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How a Change to Medicare Services Could Impact National Healthcare Spending

Priyam Vora
If policy makers made changes to the spending, volume, and price to traditional Medicare services, there would be a significant causal effect on national healthcare spending, a new study finds.
If policy makers made changes to the spending, volume, and price to traditional Medicare services, there would be a significant causal effect on national healthcare spending, a new study finds.

Policy makers have long advocated raising the Medicare eligibility age from the current 65 years to 67 years in order to slow the growth of Medicare spending. It would invariably delay entry into Medicare and increase the time beneficiaries are covered by private insurance. However, there haven’t been any specific studies dedicated to understanding the impact of such a policy change to national healthcare spending (the total of all healthcare spending by consumers, payers and governments).

Lead authors Jacob Wallace and Zirui Song, MD, PhD, examined how spending differed between Medicare and private insurance for a national cohort of individuals who switched from private insurance to Medicare at age 65. They found that increasing the Medicare eligibility age may raise national healthcare spending by replacing Medicare coverage with private insurance, which pays higher provider prices than Medicare does. The findings are published in Health Affairs.

Healthcare Spending in Medicare vs Private Insurance

Using the Truven Health Analytics’ 2007-2013 Medicare and Commercial Claims and Encounters database, the authors acquired data on 200,870 individuals related to claims, enrollment information, benefit design, and cost sharing. Only retired individuals were included, so as to eliminate any employer-sponsored insurance as primary coverage.

The most obvious observation was that when individuals shifted from private insurance to Medicare, their healthcare spending was drastically cut down by 32%. Previous studies have found that providers’ prices are lower in Medicare than in private insurance. However, Wallace and Song found no evidence that these prices reduced healthcare utilization. They believe that providers are willing to see Medicare patients at lower rates is Medicare’s purchasing power as a large insurer.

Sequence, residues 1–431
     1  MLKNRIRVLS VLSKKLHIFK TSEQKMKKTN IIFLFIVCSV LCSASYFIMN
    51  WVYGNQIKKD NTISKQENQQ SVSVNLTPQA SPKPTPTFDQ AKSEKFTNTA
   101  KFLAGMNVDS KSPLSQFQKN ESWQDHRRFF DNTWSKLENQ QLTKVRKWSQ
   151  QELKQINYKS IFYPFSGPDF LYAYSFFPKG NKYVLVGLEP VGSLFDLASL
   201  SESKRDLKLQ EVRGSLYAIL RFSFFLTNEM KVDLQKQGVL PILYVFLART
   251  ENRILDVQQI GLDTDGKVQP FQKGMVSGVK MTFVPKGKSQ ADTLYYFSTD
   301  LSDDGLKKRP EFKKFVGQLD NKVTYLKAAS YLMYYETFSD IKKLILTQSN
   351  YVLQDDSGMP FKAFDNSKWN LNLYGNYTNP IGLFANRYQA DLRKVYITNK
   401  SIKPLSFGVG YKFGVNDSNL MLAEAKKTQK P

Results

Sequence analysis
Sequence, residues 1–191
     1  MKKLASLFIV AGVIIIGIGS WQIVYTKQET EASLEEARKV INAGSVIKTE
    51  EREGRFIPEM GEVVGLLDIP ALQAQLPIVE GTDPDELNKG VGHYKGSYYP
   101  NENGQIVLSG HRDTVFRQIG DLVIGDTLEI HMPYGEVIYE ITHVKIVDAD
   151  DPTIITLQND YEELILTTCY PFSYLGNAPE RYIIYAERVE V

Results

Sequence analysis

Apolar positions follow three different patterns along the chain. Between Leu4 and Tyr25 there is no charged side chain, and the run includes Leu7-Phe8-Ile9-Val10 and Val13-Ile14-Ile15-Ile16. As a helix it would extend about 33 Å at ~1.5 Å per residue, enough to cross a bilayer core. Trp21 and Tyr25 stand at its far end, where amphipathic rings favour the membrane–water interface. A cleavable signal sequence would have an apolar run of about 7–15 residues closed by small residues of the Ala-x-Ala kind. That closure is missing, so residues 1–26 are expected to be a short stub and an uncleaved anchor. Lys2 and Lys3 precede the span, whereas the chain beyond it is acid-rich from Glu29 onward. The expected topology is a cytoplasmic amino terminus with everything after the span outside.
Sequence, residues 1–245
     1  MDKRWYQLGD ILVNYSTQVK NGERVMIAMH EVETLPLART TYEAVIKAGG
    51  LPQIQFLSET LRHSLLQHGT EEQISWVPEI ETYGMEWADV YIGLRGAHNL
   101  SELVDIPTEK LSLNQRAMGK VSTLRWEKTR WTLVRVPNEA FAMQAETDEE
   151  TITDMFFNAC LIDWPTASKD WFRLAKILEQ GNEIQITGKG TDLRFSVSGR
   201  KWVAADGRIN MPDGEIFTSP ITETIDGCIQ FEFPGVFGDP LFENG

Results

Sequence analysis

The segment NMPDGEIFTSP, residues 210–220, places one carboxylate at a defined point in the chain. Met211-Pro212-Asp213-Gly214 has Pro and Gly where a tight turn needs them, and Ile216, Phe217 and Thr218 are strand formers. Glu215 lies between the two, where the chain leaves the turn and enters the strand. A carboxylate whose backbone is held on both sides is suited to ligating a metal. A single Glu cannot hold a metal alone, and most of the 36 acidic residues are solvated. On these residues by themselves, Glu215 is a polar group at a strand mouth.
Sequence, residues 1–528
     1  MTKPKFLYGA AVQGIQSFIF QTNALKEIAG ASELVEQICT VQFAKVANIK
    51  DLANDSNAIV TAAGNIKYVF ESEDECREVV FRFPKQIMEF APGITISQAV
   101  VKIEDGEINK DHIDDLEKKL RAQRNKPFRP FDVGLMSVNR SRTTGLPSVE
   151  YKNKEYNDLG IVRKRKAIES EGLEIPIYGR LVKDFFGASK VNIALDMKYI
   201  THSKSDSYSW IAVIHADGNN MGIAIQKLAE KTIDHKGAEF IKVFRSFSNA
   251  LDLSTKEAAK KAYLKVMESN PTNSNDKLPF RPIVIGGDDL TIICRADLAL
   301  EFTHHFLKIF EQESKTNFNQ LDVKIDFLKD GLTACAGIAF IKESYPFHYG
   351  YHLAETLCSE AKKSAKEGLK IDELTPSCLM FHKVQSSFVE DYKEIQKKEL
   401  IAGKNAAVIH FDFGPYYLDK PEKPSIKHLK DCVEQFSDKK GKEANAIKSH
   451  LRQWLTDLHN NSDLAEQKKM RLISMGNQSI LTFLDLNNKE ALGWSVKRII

In terms of national healthcare spending, the Congressional Budget Office (CBO) has projected that a major chunk of people would lose Medicare coverage if the eligibility age to be covered by private insurance were increased. The study suggested that between ages 65 and 67, national healthcare services would increase by roughly 30% for the selected services. However, this increase would be because healthcare providers would be reimbursed by private insurers at negotiated prices that are higher than what Medicare would pay.

Increasing the Medicare eligibility age would affect government spending, too. The CBO estimated that if the eligibility age were to be increased to 67, Medicare spending would be $17.1 billion lower than projected in 2023. Furthermore, by 2038 Medicare spending would be 3% lower than projected, thereby decreasing its share of the gross domestic product from 4.9% to 4.7%.

Medicare’s Impact on Healthcare Spending

If individuals switched from private insurance to Medicare at age 65, there would be a large drop in spending driven by lower provider prices, which may be reflective of Medicare’s purchasing power as a large insurer. Increasing the Medicare eligibility age may also raise national healthcare spending by replacing Medicare coverage with private insurance, which pays higher provider prices than Medicare does.

 
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